Manolo for the Big Girl Fashion, Lifestyle, and Humor for the Plus Sized Woman.

February 20, 2008

The Big Question: Hey! Fat Girl! You’re Fat!

Filed under: The Big Question — Miss Plumcake @ 3:47 pm

I’m the first to admit that I have no idea what a holla back girl is. All I know is that it requires a majorette costume and a double-process bleach job. That being said, a friend of mine who could not be more alluring if she were a cupcake frosted in hundred dollar bills, recently got yelled at by a bunch of boys in a pick up truck who made comments about her weight. My girl managed to track their father down in the store and, with their dad by her side, give them a talking to.

Francesca and Plumcake want to know:

Have you ever been hollered at about your weight? Was it hurtful or did you just blow it off? What did you do? What would do in the future?

I know this is a touchy subject, but I’d like to get on my stylish soapbox for a second. I cannot recall a time as an adult that I’ve been taunted because of my size. Well, there was one time when someone yelled out “Fatface! Hey Fatface!” while I was walking my pooch but it turned out to be a guy who recognized me from the dog park and had a particular affection for my admittedly fat-faced Shar Pei, Dozer LeGrunt.

As much as I’d like to think that the citizens of the great Republic of Texas are just above that sort of thing, I’m not fooling myself. I don’t get taunted because I’m confident. I walk talk and proud and when I’m not as put together as I’d like…well, that’s when I serve it hotter and harder than ever! Should we HAVE to dress up and work harder just to avoid being hooted at by knuckledraggers? No. I shouldn’t have to wax and pluck my way out of mammal-dom just to get a date, either but I do. Life is rough, or at least stubbly, all over.


  1. i have never been more than 5 pounds or so above a healthy weight. however, i’ve gotten plenty of comments, usually from my family. for example, when i was 11, my mom said, “you’re starting to get a little bit of cellulite. you’d better start working out.” when i was 13, my grandma commented to my mom, “she’s getting a pretty big butt.” and during my teens, my mom would bring food home for dinner; she’d get my brother a burger and fries and a drink, and give me nothing but a grilled chicken sandwich. then there was the christmas when she bought me bags of candy then insisted that i throw them away so i wouldn’t eat them all.

    there was also the person working checkout in a coffee shop. i ordered a large bowl of soup and he said, “a large? are you sure?” and i just stared at him before saying, “um, yeah. i’m hungry.” another time, i was putting condiments on a burger and had a total stranger say, “wow, that’s a really big burger for you to be eating!” both of these people were men. i don’t know why anyone would think it’s appropriate to comment on the food a total stranger is eating.

    Comment by amy — February 23, 2008 @ 2:31 pm

  2. oo I remember one now.

    David and Goliath, went to the counter, asked if they had something in the next size up. She gave me a somewhat pitying look, and stated rudely that I was holding the biggest size.

    She asked if I still wanted the rest (socks, etc), and I left it on the desk and walked out.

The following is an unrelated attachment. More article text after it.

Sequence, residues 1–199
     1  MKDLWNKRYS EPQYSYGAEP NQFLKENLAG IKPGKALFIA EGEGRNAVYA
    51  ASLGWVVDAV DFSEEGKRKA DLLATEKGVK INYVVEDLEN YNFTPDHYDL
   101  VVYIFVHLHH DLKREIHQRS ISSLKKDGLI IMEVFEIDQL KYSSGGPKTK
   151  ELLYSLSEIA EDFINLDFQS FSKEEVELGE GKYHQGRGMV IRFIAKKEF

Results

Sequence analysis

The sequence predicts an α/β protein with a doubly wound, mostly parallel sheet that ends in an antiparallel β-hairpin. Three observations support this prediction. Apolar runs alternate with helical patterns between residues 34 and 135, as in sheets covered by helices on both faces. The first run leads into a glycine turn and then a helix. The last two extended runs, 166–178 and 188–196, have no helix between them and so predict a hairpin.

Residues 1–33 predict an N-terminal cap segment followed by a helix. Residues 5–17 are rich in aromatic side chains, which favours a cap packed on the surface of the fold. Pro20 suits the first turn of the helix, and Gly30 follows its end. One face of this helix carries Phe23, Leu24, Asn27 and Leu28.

I tend to find that most shops have my size as a “end” size (18 here, 14 in the US), so I don’t usually have a problem: I can hit plus size stores and most normal stores.

    My first encounter with all this was when I was a size 12 (8 in the US), and I was cooly informed that I was a “Large” for jeans in a shop. Joy.

    Comment by leymoo — February 23, 2008 @ 2:34 pm

  3. Amy,

    Your mom pulled the classic. Mine used to do the same thing, cooking for my thin brother and not me. For my 41st birthday last week, she brought the birthday cake-COCUNUT-its the only thing Im allergic to! When feeding my 14 month old twin nieces, she feeds the larger one less and tries to overfeed the smaller one. And my formerly thin brother told his wife, on their wedding day, that the dress made her look fat.

    Oooyyyy. I fear that I’ll be in therapy through this lifetime.

    Comment by Peaches — February 23, 2008 @ 4:21 pm

  4. I’ve always been small, so I have never been made fun of for my weight; however, as a child I was constantly tormented about my appearance — hand-me-down or cheap, unfashionable clothes, Coke-bottle glasses, general “nerdy” appearance, etc. The kids at school were vicious to me until I finally began to “blossom” in my junior year of high school, but those years of torment are something one never fully gets over.

    More recently (yesterday, in fact), my boss was standing in front of my desk, talking to me, when she suddenly began to squint at my head. Then she said, “Did you know you have a lot of grey hair? It’s time to start coloring it.”

    I’m 37 years old. I started going grey at 20 (I later learned that women with autoimmune disorders often go prematurely grey — I have rheumatoid arthritis). I’ve been coloring my hair every five weeks without fail for years. Today was my usual five-week appointment, so yesterday my roots were showing. In any event, I was absolutely flabbergasted when she said that to me. I very nearly started to cry.

    Comment by Cat — February 23, 2008 @ 5:05 pm

  5. My culture isnt rigid regarding size. Women are expected to conform more in terms of attitudes. Submissive.
    I did however go to elementary school briefly in the US and I had to endure silly comments about my size. I just felt these kids were poorly brought up and spoilt and I didnt give them the time of day.
    Well I feel really bad reading about all the experiences here and can only say this. Enjoy who you are. You dont even need any witty comebacks… not responding does not change the fact that these hecklers are ill bred and pitiful.